ERIC Number: EJ1037140
Record Type: Journal
Publication Date: 2014-Sep
Abstractor: As Provided
Reference Count: 32
Scepticism and Trust: Two Counterpoint Essentials in Science Education for Complex Socio-Scientific Issues
Fensham, Peter J.
Cultural Studies of Science Education, v9 n3 p649-661 Sep 2014
In this response to Tom G. K. Bryce and Stephen P. Day's ("Cult Stud Sci Educ." doi:10.1007/s11422-013-9500-0, 2013) original article, I share with them their interest in the teaching of climate change in school science, but I widen it to include other contemporary complex socio-scientific issues that also need to be discussed. I use an alternative view of the relationship between science, technology and society, supported by evidence from both science and society, to suggest science-informed citizens as a more realistic outcome image of school science than the authors' one of mini-scientists. The intellectual independence of students Bryce and Day assume, and intend for school science, is countered with an active intellectual dependence. It is only in relation to emerging and uncertain scientific contexts that students should be taught about scepticism, but they also need to learn when, and why to trust science as an antidote to the expressions of doubting it. Some suggestions for pedagogies that could lead to these new learnings are made. The very recent fifth report of the IPCC answers many of their concerns about climate change.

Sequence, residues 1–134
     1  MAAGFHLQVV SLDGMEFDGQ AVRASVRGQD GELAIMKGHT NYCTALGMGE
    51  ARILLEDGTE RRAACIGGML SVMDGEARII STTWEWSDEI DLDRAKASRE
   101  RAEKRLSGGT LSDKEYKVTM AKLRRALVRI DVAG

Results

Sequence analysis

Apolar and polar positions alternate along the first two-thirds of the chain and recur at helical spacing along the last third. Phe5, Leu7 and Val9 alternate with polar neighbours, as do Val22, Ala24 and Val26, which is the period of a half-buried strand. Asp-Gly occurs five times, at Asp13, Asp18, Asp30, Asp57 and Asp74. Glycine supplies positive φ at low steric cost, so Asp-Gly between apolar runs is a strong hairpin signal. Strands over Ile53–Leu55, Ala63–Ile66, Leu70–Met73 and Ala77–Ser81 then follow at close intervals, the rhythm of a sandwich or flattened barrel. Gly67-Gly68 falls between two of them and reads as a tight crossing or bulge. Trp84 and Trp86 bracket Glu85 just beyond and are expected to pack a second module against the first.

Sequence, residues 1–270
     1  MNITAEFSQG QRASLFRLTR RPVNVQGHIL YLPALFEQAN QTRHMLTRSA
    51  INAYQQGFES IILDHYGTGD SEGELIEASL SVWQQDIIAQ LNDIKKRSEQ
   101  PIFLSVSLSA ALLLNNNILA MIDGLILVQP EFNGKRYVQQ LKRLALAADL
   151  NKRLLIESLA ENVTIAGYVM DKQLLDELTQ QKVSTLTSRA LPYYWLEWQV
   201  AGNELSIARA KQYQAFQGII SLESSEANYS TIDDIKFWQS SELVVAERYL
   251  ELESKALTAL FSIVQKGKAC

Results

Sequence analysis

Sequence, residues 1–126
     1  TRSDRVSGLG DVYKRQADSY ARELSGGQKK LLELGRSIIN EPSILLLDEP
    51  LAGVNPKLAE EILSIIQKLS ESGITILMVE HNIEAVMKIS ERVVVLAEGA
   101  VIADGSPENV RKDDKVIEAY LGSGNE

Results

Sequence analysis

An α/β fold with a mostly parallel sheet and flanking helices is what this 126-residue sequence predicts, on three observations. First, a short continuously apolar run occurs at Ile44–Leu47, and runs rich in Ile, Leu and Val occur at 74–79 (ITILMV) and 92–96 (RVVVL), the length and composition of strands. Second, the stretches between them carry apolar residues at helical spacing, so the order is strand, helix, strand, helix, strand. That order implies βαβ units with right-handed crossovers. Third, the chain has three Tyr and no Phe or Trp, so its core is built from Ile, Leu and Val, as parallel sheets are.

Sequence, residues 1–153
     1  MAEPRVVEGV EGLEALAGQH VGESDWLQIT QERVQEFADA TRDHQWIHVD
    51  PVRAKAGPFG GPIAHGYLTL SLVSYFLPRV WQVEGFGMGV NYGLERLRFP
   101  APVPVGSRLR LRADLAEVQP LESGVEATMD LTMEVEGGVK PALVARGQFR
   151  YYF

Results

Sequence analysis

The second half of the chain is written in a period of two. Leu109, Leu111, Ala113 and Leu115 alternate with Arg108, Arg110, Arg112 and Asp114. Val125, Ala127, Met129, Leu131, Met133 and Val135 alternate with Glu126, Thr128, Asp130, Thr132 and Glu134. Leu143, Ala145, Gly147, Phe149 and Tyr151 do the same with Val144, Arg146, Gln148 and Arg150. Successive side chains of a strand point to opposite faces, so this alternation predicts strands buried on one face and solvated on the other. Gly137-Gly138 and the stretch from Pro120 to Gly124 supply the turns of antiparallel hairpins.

Descriptors: Trust (Psychology), Climate, Students, Science Education, Science and Society, Science Curriculum, Social Change
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Publication Type: Journal Articles; Opinion Papers; Reports - Descriptive
Education Level: N/A
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